In the shadow of Greenwich’s 02 Arena - the futuristic dome originally built as London’s showpiece for the Millennium - what looks like a picnic cooler on wheels zips among groups of gawking children. This little delivery robot, designed to autonomously navigate sidewalks, not roads, later this year will begin making deliveries from local businesses direct to customers.
In doing so, it may just conquer e-commerce’s final frontier: the Last Mile, the least efficient and most problematic step in the delivery process.
Starship's robotic delivery droid is designed to detect and give way to pedestrians.
Screengrab: youtube/ Starship Technologies
“Thirty to forty percent of the cost of delivery comes in the last mile,” says Allan Martinson, the chief operating officer of Starship Technologies, the company building this robot. The venture is the brainchild of Ahti Heinla, one of Skype’s original developers, and is backed by billionaire Skype co-founder and tech investor Janus Friis.
The little delivery robots designed by Starship and a competing U.S. startup called Dispatch are the BB-8s and Wall-E's of e-commerce. These scrappy droids are up against tech's strongest forces. Amazon is testing airborne drones, as are Wal-Mart and Google. Google has also sought patents for a driverless truck that would carry an array of storage lockers that unlock with a text message. And Uber is deploying drivers for food delivery, a concept that could be expanded to other products. And don't forget incumbents from Federal Express and UPS to government postal services.
While Starship's robot may be first to market, victory isn't assured. The droids have limitations, with economic viability confined urban areas. Drones have a higher sticker price and bigger regulatory hurdles to surmount, but may prove less expensive on a per-mile basis. And for the foreseeable future, some logistics experts say, humans still have the edge over any sci-fi inspired contenders.
Heinla, a tall, gaunt Estonian with shaggy blond hair and the disheveled look of an engineer for whom form matters more than fashion, says delivery droids have their advantages. Smaller robots are easier and cheaper to build. Because Starship’s droid weighs less than 35 pounds and travels slowly, it's less likely to cause damage. As a wheeled vehicle, there are no spinning rotorblades that could cause injury - unlike drones.
Most importantly it travels on sidewalks not roads, which simplifies getting regulatory approval to operate. Starship robots have already covered more than 1,900 miles in the U.K., Germany, Belgium, Estonia and the U.S., with more than 50,000 miles planned this year. In comparison, drones are being tested in highly-controlled environments, with commercial deliveries on hold until regulators work out safety, liability, air rights and privacy issues. Autonomous vehicles are so far only allowed limited tests on public roads.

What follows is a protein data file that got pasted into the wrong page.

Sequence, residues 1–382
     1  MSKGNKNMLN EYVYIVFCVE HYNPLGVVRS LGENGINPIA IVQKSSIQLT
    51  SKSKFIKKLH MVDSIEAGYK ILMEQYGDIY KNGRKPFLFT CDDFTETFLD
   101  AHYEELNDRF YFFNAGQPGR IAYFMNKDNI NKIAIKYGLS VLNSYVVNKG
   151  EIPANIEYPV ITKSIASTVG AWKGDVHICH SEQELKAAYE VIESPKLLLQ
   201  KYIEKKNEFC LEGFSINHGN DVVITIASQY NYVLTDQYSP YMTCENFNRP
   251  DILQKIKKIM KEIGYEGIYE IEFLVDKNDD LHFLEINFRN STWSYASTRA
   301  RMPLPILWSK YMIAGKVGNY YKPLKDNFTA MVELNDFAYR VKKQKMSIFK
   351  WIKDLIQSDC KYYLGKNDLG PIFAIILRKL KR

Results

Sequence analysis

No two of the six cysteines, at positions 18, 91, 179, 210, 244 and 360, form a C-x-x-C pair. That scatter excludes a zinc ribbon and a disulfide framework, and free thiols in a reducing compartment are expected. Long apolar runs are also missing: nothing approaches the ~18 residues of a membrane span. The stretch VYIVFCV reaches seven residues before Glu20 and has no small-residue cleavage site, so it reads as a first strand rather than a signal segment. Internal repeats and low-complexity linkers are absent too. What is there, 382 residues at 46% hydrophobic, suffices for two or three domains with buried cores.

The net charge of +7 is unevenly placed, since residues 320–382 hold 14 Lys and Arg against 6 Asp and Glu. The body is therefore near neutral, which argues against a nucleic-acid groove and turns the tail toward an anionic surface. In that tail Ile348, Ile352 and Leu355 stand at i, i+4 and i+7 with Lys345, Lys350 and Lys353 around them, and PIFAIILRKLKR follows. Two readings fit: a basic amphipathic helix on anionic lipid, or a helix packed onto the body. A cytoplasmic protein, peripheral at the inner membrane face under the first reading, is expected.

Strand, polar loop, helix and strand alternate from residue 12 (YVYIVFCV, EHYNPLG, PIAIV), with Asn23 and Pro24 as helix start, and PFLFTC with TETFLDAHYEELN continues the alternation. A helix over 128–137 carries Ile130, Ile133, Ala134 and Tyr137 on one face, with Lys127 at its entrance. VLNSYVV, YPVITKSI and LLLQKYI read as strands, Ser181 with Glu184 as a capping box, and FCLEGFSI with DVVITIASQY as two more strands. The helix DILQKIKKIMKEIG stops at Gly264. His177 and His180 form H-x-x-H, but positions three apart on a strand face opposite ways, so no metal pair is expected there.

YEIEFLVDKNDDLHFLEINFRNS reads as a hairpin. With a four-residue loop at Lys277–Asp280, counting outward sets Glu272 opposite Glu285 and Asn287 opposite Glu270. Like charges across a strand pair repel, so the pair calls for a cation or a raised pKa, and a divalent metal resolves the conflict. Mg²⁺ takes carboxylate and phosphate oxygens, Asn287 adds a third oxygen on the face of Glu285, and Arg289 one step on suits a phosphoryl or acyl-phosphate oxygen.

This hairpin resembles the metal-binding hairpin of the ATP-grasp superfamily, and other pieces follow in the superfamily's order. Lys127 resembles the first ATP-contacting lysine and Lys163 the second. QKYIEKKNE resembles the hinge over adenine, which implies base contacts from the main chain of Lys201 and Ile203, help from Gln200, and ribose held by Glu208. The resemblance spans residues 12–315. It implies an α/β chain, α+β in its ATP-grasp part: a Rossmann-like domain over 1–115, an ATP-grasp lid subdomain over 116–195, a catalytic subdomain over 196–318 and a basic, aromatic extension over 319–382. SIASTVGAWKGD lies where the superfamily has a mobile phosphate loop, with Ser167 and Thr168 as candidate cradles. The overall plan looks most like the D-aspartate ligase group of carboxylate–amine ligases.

“We’ve tested it in snow, slush, ice and rain – you name it,” Martinson says. In the U.S., Starship is testing its robot in Fayetteville, Arkansas, about 35 miles from Wal-Mart’s Bentonville headquarters, in conjunction with an innovation lab at the University of Arkansas named after the family of Wal-Mart chief executive Doug McMillon. This has lead to speculation the giant retailer may be interested in the little robot. Wal-Mart's 415C Lab, an internal unit investigating various disruptive technologies, has said it is monitoring the testing program. Starship won’t comment on a possible tie-up with Wal-Mart. But Martinson says he expects the first e-commerce customers to start using the robots later this year.
San Francisco-based Dispatch, which was founded by former computer scientists from the University of Pennsylvania and the Massachusetts Institute of Technology and is backed by Silicon Valley venture firm Andreessen Horowitz, is also testing its own ground drone called Carry.
Gur Kimchi, the Amazon executive in charge of its Prime Air drone project, says they considered delivery robots and driverless trucks too. But Amazon decided drones were a better bet. “The other options cannot guarantee very fast, very economic and very safe delivery,” he says. Drones, he says, can serve a range of rural, suburban and even urban environments – while delivery robots work best only in urban areas. And autonomous trucks or delivery drivers only add to already congested roads, he says.